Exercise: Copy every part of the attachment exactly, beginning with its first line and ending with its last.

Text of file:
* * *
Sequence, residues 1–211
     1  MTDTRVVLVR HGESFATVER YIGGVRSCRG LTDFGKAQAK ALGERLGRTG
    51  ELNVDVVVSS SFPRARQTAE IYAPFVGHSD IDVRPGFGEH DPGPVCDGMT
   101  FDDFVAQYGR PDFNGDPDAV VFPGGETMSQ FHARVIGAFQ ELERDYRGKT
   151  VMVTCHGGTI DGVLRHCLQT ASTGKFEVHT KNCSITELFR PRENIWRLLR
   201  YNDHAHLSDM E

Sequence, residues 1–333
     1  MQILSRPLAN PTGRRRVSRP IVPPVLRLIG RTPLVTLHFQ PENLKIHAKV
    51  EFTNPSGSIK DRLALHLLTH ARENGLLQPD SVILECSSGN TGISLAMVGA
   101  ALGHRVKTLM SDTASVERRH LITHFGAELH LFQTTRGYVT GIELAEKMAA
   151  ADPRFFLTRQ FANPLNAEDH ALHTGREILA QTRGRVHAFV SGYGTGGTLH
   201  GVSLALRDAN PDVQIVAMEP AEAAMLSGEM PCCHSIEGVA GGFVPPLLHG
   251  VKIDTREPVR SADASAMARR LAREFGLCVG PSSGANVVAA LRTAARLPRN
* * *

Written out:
Sequence, residues 1–211
     1  MTDTRVVLVR HGESFATVER YIGGVRSCRG LTDFGKAQAK ALGERLGRTG
    51  ELNVDVVVSS SFPRARQTAE IYAPFVGHSD IDVRPGFGEH DPGPVCDGMT
   101  FDDFVAQYGR PDFNGDPDAV VFPGGETMSQ FHARVIGAFQ ELERDYRGKT
   151  VMVTCHGGTI DGVLRHCLQT ASTGKFEVHT KNCSITELFR PRENIWRLLR
   201  YNDHAHLSDM E

Sequence, residues 1–333
     1  MQILSRPLAN PTGRRRVSRP IVPPVLRLIG RTPLVTLHFQ PENLKIHAKV
    51  EFTNPSGSIK DRLALHLLTH ARENGLLQPD SVILECSSGN TGISLAMVGA
   101  ALGHRVKTLM SDTASVERRH LITHFGAELH LFQTTRGYVT GIELAEKMAA
   151  ADPRFFLTRQ FANPLNAEDH ALHTGREILA QTRGRVHAFV SGYGTGGTLH
   201  GVSLALRDAN PDVQIVAMEP AEAAMLSGEM PCCHSIEGVA GGFVPPLLHG
   251  VKIDTREPVR SADASAMARR LAREFGLCVG PSSGANVVAA LRTAARLPRN